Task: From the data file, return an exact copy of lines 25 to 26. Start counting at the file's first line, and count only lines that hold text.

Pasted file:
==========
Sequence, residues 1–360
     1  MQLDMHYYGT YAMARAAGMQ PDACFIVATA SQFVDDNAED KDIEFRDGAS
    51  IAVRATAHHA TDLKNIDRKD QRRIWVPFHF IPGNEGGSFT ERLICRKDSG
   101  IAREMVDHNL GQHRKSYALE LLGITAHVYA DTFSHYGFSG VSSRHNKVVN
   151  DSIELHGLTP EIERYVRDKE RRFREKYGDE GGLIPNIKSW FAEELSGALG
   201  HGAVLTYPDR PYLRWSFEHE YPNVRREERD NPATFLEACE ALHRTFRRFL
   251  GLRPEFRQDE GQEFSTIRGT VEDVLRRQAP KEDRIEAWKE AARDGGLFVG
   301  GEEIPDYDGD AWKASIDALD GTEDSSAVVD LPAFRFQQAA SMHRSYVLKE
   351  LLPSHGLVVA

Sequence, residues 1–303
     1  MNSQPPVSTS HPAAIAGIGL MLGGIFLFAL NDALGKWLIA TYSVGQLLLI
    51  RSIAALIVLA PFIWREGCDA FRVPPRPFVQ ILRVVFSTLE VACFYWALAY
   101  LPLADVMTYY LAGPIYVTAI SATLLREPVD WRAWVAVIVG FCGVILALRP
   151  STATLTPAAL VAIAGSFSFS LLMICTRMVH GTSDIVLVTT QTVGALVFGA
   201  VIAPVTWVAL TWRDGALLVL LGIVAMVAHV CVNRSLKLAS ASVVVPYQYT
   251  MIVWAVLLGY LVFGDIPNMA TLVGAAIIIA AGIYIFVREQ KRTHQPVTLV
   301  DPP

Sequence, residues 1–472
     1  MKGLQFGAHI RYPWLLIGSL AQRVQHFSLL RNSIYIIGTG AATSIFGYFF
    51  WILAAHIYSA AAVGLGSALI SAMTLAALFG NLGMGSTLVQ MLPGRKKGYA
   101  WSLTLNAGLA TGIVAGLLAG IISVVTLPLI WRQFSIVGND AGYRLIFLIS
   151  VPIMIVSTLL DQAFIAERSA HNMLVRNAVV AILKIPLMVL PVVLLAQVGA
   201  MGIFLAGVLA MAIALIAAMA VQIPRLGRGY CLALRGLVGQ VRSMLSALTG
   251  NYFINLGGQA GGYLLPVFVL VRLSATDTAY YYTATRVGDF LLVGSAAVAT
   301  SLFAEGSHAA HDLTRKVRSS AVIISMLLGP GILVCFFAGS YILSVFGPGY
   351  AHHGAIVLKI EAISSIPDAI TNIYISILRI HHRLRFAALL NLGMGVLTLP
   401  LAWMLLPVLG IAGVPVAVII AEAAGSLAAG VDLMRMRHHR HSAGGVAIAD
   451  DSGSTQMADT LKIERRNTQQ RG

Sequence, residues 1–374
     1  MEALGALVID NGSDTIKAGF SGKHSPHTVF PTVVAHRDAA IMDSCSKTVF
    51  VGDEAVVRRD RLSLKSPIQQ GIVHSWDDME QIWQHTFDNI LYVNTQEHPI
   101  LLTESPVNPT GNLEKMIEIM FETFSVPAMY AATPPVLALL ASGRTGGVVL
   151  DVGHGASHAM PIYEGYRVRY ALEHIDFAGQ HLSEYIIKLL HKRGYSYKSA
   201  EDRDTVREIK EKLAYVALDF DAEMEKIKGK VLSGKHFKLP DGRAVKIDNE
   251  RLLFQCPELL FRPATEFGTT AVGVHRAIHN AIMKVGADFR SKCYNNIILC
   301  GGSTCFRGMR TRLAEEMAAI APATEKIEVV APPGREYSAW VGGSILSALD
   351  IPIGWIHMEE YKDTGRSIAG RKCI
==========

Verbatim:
   301  SLFAEGSHAA HDLTRKVRSS AVIISMLLGP GILVCFFAGS YILSVFGPGY
   351  AHHGAIVLKI EAISSIPDAI TNIYISILRI HHRLRFAALL NLGMGVLTLP